Davos plants the seeds for a much-needed combined approach between business, government and broader civil society to find new and reliable solutions to some of the world’s most pressing problems. UNDP has advanced one such partnership with the World Economic Forum, to focus on how automation and other drivers may reshape global value chains.It is crucial to understand how these changes might impact upon developing countries, which are dependent on these value chains to sustain their export-led development strategies. Looking to the future, the fruits of this partnership should help UNDP, as well as other parts of the UN, in supporting governments and businesses in their efforts to stay abreast of such developments, in policy and in practice.Being both a participant and observer at Davos 2019, I experienced first-hand the leadership, innovative ideas, spirit of cooperation and clear passion that many of its participants bring to the table around development issues. The Annual Meeting brought together change-makers offering critical and concrete contributions towards realizing the SDGs. There are just 12 years left to do so.
#agile #pivot #digitaltransformation #humancentered #mindsetshift
Building The Agile Business
#AIforgood #ethics #leadership #digitaldisruption #digitaltransformation
Enterprises must confront the ethical implications of AI use as they increasingly roll out technology that has the potential to reshape how humans interact with machines
How AI systems can be biased
More human-like bots raise stakes for ethical AI use
Ethical AI is needed for broad AI adoption
#AIforgood #digitaltransformation #techdisruption #sustainabledevelopmentgoals
AI is not a silver bullet, but it could help tackle some of the world’s most challenging social problems.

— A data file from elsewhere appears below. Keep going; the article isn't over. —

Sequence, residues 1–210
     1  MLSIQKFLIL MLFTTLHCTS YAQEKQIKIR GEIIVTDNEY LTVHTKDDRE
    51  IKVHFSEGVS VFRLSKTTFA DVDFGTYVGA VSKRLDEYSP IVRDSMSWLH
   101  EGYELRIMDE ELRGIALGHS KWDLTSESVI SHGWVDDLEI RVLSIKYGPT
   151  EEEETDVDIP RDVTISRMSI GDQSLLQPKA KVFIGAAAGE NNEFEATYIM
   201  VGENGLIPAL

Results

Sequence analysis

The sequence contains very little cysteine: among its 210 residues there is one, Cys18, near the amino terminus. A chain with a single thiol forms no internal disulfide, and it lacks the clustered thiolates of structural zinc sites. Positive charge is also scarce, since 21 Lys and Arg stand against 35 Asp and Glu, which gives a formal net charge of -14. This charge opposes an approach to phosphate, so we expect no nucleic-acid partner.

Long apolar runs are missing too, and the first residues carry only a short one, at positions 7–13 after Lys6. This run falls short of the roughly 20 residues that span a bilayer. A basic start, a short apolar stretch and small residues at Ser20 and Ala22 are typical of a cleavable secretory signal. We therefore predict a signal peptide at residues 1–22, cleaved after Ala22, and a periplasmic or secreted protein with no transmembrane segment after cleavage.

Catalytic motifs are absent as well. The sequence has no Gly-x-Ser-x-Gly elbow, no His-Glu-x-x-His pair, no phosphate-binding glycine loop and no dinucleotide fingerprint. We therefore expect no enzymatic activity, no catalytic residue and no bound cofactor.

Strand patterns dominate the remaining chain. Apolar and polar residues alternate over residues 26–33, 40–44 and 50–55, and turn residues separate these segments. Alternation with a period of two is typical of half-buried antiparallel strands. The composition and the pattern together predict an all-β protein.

First: Mapping AI use cases to domains of social good
Equality and inclusion
Health and hunger
Information verification and validation
Public and social-sector management
Security and justice
Second: AI capabilities that can be used for social good
Image classification and object detection are powerful computer-vision capabilities
Structured deep learning also may have social-benefit applications
Advanced analytics can be a more time- and cost-effective solution than AI for some use cases
Third: Overcoming bottlenecks, especially for data and talent
Data needed for social-impact uses may not be easily accessible
The expert AI talent needed to develop and train AI models is in short supply
‘Last-mile’ implementation challenges are also a significant bottleneck for AI deployment for social good
Fourth: Risks to be managed
Breaching the privacy of personal information could cause harm
Safe use and security are essential for societal good uses of AI
Decisions made by complex AI models will need to become more readily explainable
Fifth: Scaling up the use of AI for social good
Improving data accessibility for social-impact cases
Overcoming AI talent shortages is essential for implementing AI-based solutions for social impact
About the author(s)
#futureofwork #digitaltransformation #shiftmindset #leadership
Retraining and reskilling workers in the age of automation
Dec 7, 2017: Weekly Curated Thought-Sharing on Digital Disruption, Applied Neuroscience and Other Interesting Related Matters.
By Vyacheslav Polonski and Jane Zavalishina
Curated by Helena M. Herrero Lamuedra
Today, it is difficult to imagine a technology that is as enthralling and terrifying as machine learning. While media coverage and research papers consistently tout the potential of machine learning to become the biggest driver of positive change in business and society, the lingering question on everyone’s mind is: “Well, what if it all goes terribly wrong?”